Each person’s sexuality is unique

The reality is that we all have proclivities or erotic maps as someone else has said. There are things we are naturally drawn to sexually. What you are drawn to is unique to you, just as your personality and fingerprints are unique to you.

You say that your past created a desire for more aggression and firmness in foreplay, but I want to offer to you another way to think about it: your enjoyment of aggression and firmness in sex was there before your promiscuous past. Your promiscuous past didn’t make you enjoy it, but just was the way you discovered what you’ve always found appealing. You could have not have had a promiscuous past and still discover that you like this form of play in your relationship.

And another thing for you to think about is perhaps because of your fear of your past, you were motivated to marry someone that’s very opposite. Someone very gentle and docile and polite. And now that you’ve been married for a while, you’re running into situations where you wish your husband was a little bit more aggressive and firm in the foreplay.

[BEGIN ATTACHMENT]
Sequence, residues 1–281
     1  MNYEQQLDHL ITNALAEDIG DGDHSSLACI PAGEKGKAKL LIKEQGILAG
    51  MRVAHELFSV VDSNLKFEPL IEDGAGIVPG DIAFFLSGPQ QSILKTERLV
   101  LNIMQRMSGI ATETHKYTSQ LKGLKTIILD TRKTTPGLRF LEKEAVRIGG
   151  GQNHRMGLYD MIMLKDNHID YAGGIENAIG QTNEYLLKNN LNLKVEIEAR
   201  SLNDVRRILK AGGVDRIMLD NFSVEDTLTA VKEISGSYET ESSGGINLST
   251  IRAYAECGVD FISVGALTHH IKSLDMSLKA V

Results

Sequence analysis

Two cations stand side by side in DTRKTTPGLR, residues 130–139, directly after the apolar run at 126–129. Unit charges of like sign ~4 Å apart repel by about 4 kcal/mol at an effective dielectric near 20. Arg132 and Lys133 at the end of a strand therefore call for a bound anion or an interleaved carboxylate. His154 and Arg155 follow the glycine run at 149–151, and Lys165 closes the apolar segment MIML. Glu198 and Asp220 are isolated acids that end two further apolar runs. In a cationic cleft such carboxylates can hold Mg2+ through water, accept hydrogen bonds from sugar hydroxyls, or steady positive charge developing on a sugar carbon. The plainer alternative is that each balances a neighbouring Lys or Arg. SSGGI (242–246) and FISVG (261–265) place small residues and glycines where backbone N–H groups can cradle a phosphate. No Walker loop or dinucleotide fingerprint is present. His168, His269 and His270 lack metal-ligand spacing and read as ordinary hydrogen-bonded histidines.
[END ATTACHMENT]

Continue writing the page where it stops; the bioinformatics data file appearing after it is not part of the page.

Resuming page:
Now, let’s address the second part of the question. 

Express your desire and invite your spouse along

I heard a story about a woman. She’s an attorney. She’s not only an attorney, but she leads her law firm. So she’s the boss. She tells other people what to do. In other words, it’s a job involving a traditional masculine energy all day long with a lot of stress and pressure. And then when she comes home, she does not want to be the boss in the bedroom. She wants her husband to lead the encounter. The thing is, she married a very gentle and kind and polite and docile man.